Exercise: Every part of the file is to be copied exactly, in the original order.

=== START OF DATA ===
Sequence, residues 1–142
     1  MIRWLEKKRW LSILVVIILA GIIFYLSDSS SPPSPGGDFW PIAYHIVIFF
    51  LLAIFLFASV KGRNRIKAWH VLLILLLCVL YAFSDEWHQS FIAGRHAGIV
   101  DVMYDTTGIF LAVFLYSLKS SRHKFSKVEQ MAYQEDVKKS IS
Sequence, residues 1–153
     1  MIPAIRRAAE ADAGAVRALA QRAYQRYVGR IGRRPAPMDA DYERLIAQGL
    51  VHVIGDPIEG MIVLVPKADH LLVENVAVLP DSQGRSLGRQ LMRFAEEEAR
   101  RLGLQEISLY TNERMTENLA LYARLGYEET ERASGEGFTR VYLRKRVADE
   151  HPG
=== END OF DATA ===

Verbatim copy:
Sequence, residues 1–142
     1  MIRWLEKKRW LSILVVIILA GIIFYLSDSS SPPSPGGDFW PIAYHIVIFF
    51  LLAIFLFASV KGRNRIKAWH VLLILLLCVL YAFSDEWHQS FIAGRHAGIV
   101  DVMYDTTGIF LAVFLYSLKS SRHKFSKVEQ MAYQEDVKKS IS
Sequence, residues 1–153
     1  MIPAIRRAAE ADAGAVRALA QRAYQRYVGR IGRRPAPMDA DYERLIAQGL
    51  VHVIGDPIEG MIVLVPKADH LLVENVAVLP DSQGRSLGRQ LMRFAEEEAR
   101  RLGLQEISLY TNERMTENLA LYARLGYEET ERASGEGFTR VYLRKRVADE
   151  HPG